It must be accepted, therefore, that right up to 29 November 1993 the respondent was given guidance and advice by his superiors. He was also given an opportunity to state his case on a number of occasions when his superiors had reason to be

dissatisfied with his work performance. At no stage, however, was he specifically warned that unless his performance improved he was running the risk of dismissal. In Performing Arts Council of the Transvaal v Paper Printing wood and Allied Worker Union and Others [1993] ZASCA 201; 1994 (2) SA 204 (A) it was held, in the context of dismissal for disciplinary reasons, that an employer should not act overhastily and that a reasonable ultimatum should first issue (at 216 B-D). The giving of an ultimatum is, however, not a legal requirement and the necessity for it depends on the facts of each case (see the majority judgment in Council for Scientific and Industrial Research v Fijen, [1995] ZASCA 143; 1996 (2) SA 1 (A) at 11 H-I).
The respondent was not a unionised employee but a senior manager. It was submitted on the company's behalf that he should for that reason alone have known what was required of him and have been capable of judging for himself whether he was meeting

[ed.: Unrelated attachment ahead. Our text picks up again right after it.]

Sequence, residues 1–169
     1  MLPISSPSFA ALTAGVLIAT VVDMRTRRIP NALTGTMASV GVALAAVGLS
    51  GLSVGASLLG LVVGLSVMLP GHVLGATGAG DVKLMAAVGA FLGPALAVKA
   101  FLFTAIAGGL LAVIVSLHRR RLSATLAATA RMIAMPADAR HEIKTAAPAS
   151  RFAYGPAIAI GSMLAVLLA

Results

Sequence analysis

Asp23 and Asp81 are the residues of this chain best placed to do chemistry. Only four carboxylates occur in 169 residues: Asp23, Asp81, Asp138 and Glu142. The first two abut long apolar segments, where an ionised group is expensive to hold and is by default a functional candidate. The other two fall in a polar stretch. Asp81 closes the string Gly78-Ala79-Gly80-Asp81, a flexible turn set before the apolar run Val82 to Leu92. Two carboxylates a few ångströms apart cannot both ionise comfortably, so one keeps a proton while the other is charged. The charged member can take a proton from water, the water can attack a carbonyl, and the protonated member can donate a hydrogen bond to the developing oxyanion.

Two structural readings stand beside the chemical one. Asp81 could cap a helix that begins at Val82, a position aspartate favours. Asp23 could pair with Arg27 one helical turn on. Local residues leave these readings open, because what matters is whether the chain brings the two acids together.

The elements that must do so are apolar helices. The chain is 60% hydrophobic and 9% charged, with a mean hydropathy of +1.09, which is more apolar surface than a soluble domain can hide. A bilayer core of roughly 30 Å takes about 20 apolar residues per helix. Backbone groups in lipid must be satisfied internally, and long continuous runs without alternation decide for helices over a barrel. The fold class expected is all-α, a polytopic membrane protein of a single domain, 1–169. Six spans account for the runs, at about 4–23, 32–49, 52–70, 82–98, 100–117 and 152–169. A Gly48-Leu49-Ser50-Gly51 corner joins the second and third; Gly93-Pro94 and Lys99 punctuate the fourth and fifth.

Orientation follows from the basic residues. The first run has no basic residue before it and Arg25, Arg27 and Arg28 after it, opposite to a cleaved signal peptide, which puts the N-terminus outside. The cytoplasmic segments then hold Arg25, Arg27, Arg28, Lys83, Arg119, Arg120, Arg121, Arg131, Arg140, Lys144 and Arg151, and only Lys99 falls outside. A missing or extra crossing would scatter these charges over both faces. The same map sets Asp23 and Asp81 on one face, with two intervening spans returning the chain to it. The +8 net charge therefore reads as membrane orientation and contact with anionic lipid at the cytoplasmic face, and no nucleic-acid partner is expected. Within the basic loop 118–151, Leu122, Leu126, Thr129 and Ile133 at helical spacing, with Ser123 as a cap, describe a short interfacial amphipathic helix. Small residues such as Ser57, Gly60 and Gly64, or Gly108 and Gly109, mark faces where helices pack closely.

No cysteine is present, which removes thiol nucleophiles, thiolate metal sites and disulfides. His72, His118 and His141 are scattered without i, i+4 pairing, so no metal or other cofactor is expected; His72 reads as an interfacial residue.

those requirements. I am unable to agree with the contention, as
a general proposition, that a senior employee such as the
respondent does not have to be warned or given an opportunity for
improvement. Fairness demands that in general he should be
warned and given such opportunity, although a more flexible and
lenient approach is adopted to the practical application of the
dismissal guidelines in his case, and the degree and content of the
warning may well differ from that which is required in the case of
the unionised worker. See the article by Paul Pretorius called
Executive Dismissal for Incompetence and Incompatibility in
Labour Law News and Court Reports, Vol 2, No 8, March 1993.
Counsel further submitted that the respondent's performance,
personality and attitude were such that a warning and an opportunity
for improvement would have served no purpose. Again I am
unable to agree. The respondent had only been employed by the